Not Waving, Falling: Navigating the Challenges of Mental Health

Explore the struggles and challenges of mental health through the lens of "Not Waving, Falling." Understand the significance of reaching out for help, seeking support, and destigmatizing conversations around mental health. Gain insights into the complexities of emotional well-being, the importance of self-care, and the power of community in providing a safety net during difficult times.

About two years ago I fell down the stairs in my house – the stairs I race up and down a dozen times a day; actually I flew off them in spectacular fashion, landed spread-eagled on the floorboards, and broke my wrist. It was excruciating. I’ve never viewed the stairs in the same casual way since, nor torn down them in the old heedless manner, nor worn the floppy slippers I blame for tripping me up. A fall can do that to you. It can shake you up and shake your confidence.

Imagine what it’s like for our parents or other elderly people to fall. I was shocked to read in new data from the Australian Bureau of Statistics that 1530 people aged over 75 died from falls in 2011. That’s higher than the national road toll. Vehicle accidents claimed 1290 people of all ages in that year. When you take into account falls are the single biggest reason for admission to hospitals by people aged 65 and over, and tens of thousands are hospitalized by them each year, you begin to see the dimension of a huge, hidden national health problem.

But who takes falling over seriously? Who thinks falls in the elderly are like car crashes?  Federal and state governments sort of take it seriously, aware of the ballooning health costs involved. National falls prevention guidelines were issued by the Australian health ministers in 2009. But the message isn’t getting through. ”It’s fallen off the agenda,” Dr Frances Batchelor, a research fellow at the National Ageing Research Institute, told me. “We need a road safety approach to reduce falls amongst the elderly.”

I certainly didn’t take falls seriously. As a newspaper reporter, my eyes used to glaze over the studies on “falls prevention” that occasionally crossed my desk. Boring, trivial…… not like the binge drinking epidemic, or the obesity tsunami or even the Alzheimer’s crisis. But then my father-in-law fell over. Yes, he was 91 but he was still healthy enough and mentally alert. He was at a shopping centre when he tripped and cracked his head. The head mended but he never did, not really. It was the trigger for his sad, 18-month decline.  More recently I saw an elderly man in his 80s fall right in front of me on a jagged bit of footpath. He crashed down heavily, face-forward. He was a big man and was badly shaken. As we talked, I learnt he was single, lonely and on an outing to our local cinema. I wondered whether the fall would undermine his confidence in venturing out again. Fear of falling, the experts say, can be as debilitating as a fall itself. Physically, he was lucky. If an elderly person breaks a hip in a fall, 15 per cent will die as a result and one-third won’t survive a year.  And falls are a huge problem in aged care residences.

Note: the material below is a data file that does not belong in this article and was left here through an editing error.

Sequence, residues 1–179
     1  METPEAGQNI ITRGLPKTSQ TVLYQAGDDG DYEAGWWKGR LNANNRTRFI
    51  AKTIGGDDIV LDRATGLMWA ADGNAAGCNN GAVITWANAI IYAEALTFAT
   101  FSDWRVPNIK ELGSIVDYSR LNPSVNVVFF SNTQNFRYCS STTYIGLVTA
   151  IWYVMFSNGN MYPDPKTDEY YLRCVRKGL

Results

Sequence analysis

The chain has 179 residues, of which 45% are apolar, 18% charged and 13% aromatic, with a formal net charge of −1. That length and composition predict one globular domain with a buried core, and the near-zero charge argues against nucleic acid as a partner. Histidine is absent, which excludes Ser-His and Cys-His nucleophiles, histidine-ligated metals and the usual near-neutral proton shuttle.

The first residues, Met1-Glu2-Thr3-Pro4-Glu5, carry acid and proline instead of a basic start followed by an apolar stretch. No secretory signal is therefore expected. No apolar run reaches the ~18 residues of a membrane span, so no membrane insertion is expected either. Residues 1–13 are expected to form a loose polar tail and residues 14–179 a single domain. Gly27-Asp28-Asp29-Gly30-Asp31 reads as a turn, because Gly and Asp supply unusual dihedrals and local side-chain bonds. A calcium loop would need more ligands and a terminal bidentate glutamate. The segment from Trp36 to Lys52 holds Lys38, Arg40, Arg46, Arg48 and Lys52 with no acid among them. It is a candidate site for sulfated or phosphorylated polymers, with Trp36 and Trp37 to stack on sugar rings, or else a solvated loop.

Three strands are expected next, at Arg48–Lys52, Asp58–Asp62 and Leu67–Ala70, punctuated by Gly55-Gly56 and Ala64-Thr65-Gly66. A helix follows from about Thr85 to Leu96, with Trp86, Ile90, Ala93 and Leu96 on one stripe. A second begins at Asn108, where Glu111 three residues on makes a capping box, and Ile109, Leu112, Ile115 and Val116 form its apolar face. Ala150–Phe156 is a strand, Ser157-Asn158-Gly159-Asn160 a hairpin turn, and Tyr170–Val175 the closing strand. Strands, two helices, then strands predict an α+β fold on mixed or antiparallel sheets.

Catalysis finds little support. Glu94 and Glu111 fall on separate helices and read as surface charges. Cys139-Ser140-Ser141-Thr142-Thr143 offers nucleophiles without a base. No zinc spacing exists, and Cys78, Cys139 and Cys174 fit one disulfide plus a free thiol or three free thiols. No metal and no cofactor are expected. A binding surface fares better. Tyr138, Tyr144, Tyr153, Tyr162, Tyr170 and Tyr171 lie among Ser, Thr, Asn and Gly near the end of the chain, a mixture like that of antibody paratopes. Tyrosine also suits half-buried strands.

Yet falls are preventable. Those of us in our 50s and 60s would be wise to start now to help ourselves avoid them. And the best advice?  Exercise; you just can’t get around it. It comes from one of the key experts, associate professor Jacqueline Close, director of the falls and injury prevention group at Neuroscience Research Australia. Exercise for strength and balance is top priority for baby boomers and for our parents. “Better to get the older people on an exercise program so they don’t need a walking stick,” she said.

At a personal level we can fall-proof the homes of our parents. I’ve known people to trip over electric cords and rugs, and floppy slippers are a hazard. As a nation there are gaping holes in our approach to falls prevention. Research shows for elderly people, especially those in aged care residences, Vitamin D supplements are highly effective in preventing falls and their serious consequences. But it’s low priority here. On the other hand, more elderly people need help to wean themselves off sleeping tablets which are contributors to falls. Professor Close said hospitals are often woeful in following up people with fractures to ensure they’re treated for osteoporosis if necessary. Treatment would greatly reduce the chance of further fractures. And bi-focal and multi-focal glasses are not a good idea in the elderly. “I’ve seen two hip fractures this week which I put down to bi-focals,” she said.

Around 84,000 elderly people hospitalised and 1530 dead from falls in a year – it’s a worsening national health problem and not trivial at all.

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Adele Horin

Adele Horin

Adele Marilyn Horin was an Australian journalist. She retired in 2012 as a columnist and journalist for The Sydney Morning Herald. A prolific and polarising writer on social issues, she was described as "the paper's resident feminist.